Intuitive coding: Vision and delusion

Philosophical Psychology 24 (2):145-157 (2011)
We review the hypothesis that the brain uses a generative model to explain the causes of sensory inputs, using prediction schemes that operate based upon assimilation of time-series sensory data. We put this hypothesis in the context of psychopathology, in particular, schizophrenia's positive symptoms. Building upon work of Helmholtz and upon theories in computational cognitive processing, we hypothesize that delusions in schizophrenia can be explained in terms of false inference. An impairment in inferring appropriate information from the sensory input reflects upon the ability to assess the environment and predict outcomes. Although the inference mechanism likely involves both conscious and unconscious processes, we hypothesize that the trigger of delusions may lie within the unconscious neural pathways. A collection of computational predictive codes have been proposed for modeling perception. We discuss two examples, which may be eligible as substrates for intuitive coding. We argue that failure of the psychotic patient to choose the correct computational scheme, or the optimal range of parameters, may readily lead to an altered reconstruction of the object and false inference, feeding into the delusion mechanism. We finally propose using these models in conjunction with cognitive and imaging data, in order to obtain more testable predictions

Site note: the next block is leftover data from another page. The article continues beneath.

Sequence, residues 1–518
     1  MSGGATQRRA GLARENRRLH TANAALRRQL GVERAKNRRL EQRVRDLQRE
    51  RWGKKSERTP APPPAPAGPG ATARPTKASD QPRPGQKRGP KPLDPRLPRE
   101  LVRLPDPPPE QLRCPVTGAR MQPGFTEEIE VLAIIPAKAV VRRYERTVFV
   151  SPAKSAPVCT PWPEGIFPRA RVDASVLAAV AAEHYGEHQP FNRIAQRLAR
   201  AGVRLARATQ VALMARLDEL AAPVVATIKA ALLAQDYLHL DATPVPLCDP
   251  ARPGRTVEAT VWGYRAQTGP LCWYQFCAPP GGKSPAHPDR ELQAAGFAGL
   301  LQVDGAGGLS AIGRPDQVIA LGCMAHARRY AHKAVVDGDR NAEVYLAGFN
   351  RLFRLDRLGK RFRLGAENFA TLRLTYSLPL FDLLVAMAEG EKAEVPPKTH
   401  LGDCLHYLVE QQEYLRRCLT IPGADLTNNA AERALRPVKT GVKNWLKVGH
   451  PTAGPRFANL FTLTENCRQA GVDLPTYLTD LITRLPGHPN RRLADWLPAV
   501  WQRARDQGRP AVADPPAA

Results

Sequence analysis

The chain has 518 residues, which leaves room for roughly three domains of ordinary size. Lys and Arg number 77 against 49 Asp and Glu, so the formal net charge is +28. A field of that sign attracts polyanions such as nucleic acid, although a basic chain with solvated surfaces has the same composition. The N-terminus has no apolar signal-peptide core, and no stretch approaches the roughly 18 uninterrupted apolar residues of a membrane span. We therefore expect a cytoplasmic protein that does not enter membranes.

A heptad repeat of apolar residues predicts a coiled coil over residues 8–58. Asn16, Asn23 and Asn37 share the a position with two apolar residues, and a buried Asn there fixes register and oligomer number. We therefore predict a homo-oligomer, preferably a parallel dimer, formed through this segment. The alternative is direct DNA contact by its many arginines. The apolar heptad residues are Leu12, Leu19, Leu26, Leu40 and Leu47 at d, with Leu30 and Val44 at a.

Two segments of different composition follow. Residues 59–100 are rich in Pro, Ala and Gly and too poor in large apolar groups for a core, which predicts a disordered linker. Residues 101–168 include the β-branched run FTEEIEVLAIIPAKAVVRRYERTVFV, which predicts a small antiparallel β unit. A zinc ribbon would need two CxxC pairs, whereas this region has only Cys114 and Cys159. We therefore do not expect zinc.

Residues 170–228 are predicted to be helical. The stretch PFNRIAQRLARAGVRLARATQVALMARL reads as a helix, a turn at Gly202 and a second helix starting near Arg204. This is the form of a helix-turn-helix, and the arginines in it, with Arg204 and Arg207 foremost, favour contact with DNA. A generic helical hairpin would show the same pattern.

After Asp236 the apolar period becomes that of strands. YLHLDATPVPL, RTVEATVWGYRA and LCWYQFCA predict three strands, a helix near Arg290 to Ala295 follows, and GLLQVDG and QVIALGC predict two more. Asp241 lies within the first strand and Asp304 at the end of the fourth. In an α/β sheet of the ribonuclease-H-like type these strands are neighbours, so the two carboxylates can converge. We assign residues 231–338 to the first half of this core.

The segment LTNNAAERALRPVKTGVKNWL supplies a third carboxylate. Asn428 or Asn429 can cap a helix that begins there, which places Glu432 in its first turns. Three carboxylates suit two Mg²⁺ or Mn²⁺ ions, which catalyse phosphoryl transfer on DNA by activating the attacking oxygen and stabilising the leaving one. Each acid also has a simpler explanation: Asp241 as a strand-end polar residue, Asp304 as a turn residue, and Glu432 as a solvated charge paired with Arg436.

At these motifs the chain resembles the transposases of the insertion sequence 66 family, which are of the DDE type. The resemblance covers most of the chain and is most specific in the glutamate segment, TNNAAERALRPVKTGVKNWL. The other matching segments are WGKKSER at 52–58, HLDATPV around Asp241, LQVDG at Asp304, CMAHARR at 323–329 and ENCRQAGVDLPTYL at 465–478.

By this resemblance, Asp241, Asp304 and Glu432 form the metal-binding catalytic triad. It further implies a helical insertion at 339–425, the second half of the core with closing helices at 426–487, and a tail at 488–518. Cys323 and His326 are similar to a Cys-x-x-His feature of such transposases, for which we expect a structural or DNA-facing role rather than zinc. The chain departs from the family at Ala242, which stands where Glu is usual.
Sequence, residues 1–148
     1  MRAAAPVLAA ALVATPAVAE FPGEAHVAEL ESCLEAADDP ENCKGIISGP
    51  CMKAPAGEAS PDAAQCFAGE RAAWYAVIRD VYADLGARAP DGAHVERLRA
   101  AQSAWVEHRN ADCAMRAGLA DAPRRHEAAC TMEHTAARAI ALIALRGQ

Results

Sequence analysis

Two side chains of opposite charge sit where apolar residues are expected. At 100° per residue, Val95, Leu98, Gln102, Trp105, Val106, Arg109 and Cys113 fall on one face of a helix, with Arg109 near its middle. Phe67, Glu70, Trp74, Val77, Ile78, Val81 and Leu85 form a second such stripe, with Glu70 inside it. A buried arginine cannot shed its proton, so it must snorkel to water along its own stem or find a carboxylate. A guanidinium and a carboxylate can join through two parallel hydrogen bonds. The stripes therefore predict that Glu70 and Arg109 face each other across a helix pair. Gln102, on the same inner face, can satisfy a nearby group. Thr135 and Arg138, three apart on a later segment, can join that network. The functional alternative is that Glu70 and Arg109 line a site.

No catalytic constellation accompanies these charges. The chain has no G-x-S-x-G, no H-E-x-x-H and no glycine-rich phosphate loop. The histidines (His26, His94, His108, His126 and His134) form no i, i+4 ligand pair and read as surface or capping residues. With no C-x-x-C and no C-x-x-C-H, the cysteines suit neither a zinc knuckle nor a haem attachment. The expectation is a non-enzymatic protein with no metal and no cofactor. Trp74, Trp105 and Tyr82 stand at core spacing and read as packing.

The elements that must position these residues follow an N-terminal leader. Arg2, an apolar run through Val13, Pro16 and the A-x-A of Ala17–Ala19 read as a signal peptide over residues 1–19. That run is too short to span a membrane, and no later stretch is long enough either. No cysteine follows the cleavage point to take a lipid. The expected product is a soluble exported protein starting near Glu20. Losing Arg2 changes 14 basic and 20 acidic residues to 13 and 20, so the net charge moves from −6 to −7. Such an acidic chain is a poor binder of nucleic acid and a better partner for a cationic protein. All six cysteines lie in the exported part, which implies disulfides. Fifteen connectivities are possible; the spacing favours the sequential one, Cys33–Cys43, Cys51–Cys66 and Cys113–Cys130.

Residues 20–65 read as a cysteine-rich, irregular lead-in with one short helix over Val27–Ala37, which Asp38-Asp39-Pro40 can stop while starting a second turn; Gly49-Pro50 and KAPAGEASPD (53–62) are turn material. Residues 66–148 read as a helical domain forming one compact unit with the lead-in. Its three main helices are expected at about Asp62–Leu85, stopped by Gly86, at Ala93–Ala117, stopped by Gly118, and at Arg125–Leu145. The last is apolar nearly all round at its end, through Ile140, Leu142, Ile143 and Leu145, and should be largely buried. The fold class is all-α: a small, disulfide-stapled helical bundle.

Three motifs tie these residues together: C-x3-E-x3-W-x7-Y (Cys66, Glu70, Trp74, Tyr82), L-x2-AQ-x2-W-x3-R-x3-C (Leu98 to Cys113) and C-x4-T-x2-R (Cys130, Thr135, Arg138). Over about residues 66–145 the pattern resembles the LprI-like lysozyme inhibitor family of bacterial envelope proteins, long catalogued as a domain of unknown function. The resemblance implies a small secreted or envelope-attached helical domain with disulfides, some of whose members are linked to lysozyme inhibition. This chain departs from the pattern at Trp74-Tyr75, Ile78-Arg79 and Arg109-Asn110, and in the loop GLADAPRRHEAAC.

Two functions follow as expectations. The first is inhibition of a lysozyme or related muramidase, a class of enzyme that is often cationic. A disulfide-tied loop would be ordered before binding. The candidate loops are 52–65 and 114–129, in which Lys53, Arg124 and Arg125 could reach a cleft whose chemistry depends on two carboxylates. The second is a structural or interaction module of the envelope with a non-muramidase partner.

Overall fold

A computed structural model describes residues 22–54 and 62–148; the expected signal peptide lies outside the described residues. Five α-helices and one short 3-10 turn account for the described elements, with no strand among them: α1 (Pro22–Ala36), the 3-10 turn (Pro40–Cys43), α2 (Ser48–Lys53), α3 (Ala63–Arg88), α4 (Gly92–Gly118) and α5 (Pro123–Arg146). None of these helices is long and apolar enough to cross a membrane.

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DOI 10.1080/09515089.2010.533264
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What Determines Visual Cue Reliability?Robert A. Jacobs - 2002 - Trends in Cognitive Sciences 6 (8):345-350.
How Free Are You? The Determinism Problem.Ted Honderich - 2002 - In Robert H. Kane (ed.), Philosophical Quarterly. Oxford University Press. pp. 249.

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